Freshly showered and shaved, I head outside to potentially bum a cig. Also, I’m starving, and a French bistro by the name of Herbsaint is within walking distance. Maybe I will try frog’s legs.
“Do you have a cig?” I ask a girl smoking one who’s sitting on the curb. She shakes her head – negative.
“Do you know where I can nab some greenery? You know, like, pot?”
Again, she shakes her head no. Damn. I always refrain from packing weed whenever I fly south. I’m sure it’s only a matter of time…
“Hey!” Shouts a boy with glasses in a trippy-looking psychedelic sweatshirt. Before I know it, Ryan Dunn from the bar (who told me his name is actually Colin) appears from out of nowhere.
“My wife is asleep!” the boy in the psychedelic sweatshirt rushes towards me. “I have an extra ticket to Widespread Panic!” He waves it in the air like an acid-tripper on Armistice Day, “Come with us!”
A girl with really long, wavy hair and a pimply guy slowly chewing gum are waiting at the curb. They all await my response.
“Um, I don’t know guys, I was just heading out for something to eat. I just got here…” I look around; the street right now is actually pretty deserted. What more could just randomly present itself?
“Drinks for dinner tonight, girl!” shouts psychedelic boy. “Come on – our Uber’s about to pull up!”
I didn’t come to New Orleans to be a loner. What’s the worst that could happen? I trust Ryan Dunn, even though we just met. I mean, he was drinking PBR. When the Uber arrives we all smush into the backseat, except for their gum-chewing friend, who has a scrappy goatee and looks like a billy goat. Apparently, the concert is in the levee district, near the breakwall, and in my head that song that song by Led Zepplin, “When the levee breaks…” starts to play while psychedelic boy rambles on about being from Alabama and how he has to visit the Navy Museum, because his grandfather was in the Navy and all, and…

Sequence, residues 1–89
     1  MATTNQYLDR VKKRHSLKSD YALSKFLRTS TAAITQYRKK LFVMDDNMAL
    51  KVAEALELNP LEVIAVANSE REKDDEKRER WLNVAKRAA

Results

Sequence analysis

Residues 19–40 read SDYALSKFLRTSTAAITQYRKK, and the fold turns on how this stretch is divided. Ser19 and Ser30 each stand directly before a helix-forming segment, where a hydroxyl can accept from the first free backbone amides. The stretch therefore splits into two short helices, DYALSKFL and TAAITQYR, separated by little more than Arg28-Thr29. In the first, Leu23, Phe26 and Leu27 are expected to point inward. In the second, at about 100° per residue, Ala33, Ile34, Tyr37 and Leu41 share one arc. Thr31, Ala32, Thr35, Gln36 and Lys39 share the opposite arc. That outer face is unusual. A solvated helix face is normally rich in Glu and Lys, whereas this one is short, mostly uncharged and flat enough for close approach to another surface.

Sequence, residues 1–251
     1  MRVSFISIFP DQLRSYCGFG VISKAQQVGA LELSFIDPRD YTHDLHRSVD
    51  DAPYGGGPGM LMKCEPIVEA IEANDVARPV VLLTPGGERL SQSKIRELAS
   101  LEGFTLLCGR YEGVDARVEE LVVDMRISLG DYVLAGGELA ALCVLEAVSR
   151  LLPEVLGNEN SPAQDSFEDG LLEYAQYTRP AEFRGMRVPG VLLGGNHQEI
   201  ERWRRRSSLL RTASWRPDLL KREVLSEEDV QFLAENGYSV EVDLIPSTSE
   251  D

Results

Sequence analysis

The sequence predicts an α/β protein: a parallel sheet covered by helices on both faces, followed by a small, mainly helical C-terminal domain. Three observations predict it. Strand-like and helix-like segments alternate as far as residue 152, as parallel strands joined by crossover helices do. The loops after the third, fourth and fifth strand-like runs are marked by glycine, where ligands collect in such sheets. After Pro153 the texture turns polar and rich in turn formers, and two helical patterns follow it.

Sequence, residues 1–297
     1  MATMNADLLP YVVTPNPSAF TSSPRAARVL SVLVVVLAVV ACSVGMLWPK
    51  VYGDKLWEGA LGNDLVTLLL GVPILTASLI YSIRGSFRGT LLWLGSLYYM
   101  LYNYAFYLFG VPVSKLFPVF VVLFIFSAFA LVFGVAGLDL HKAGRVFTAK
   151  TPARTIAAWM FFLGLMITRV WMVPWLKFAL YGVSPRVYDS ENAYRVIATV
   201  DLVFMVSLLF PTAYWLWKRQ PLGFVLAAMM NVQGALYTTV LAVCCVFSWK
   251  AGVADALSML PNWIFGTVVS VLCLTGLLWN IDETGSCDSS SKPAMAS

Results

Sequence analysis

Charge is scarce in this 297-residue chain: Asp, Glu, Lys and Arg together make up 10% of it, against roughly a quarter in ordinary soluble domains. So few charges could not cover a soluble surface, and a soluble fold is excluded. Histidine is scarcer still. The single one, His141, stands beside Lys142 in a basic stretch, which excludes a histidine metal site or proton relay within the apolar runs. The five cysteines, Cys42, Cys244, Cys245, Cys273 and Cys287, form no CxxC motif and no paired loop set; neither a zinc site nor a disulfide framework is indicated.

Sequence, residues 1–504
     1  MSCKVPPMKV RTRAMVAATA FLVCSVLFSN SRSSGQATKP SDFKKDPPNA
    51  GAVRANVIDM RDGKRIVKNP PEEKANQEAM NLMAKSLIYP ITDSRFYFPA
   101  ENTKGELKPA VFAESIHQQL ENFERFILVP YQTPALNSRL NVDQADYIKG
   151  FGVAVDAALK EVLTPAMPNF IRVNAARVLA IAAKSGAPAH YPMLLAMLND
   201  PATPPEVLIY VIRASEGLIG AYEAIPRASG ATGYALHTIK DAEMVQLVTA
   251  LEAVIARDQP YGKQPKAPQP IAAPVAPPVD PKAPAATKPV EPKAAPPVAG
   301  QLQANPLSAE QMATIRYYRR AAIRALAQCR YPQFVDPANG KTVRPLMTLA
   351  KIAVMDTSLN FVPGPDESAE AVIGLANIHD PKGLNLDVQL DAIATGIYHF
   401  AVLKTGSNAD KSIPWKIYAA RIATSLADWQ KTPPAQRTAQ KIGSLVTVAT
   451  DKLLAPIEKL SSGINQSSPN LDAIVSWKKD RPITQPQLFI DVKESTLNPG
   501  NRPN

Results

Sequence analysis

“Do you want a hit?” Psychedelic Boy, whose name is Jerome, holds out a sheet of that familiar Fruit Stripe gum-wrapper-esque paper, divided into neat little squares.
Outside, we pass tall concrete warehouses covered in street art and get on the freeway, heading a bit outside of downtown, along Lake Pontchartrain; it’s cool and it’s dusk.
“Well sure,” I figure this will at least take my mind off my growling stomach for the time being. A hit of acid for dinner seems reasonable, given the circumstances. Jerome hands me a ticket to the show. I’m smushed up against Ryan Dunn, I mean, Colin, who has a hint of a Southern drawl. “I’m from Richmond,” he says, really close to my ear. “Virginia.”
“That’s hot, that’s hot,” I say, and score a stick of gum and a cig from Billy Goat. A tickle is in the back of my throat, and my palms feel a little itchy. We are being carried down to the breakwall but before the levee breaks. There is a loosely assembled line of ragtag poncho and parachute pants-clad fans. The sky is bright magenta with big black clouds looming low. I hop in line behind some bros popping open cans of Busch Light and start to down a few with Colin. He’s definitely chill and mild-mannered – a polite Southern gentleman. I’m wearing jeans painted with images of cigarettes from the goth store and a long sleeve leopard top; it’s kind of chilly along the breakwall. But before long, the doors to the venue swing open into a big, hockey rink type of situation with various concession stands selling hot pretzels and cups of wine and beer.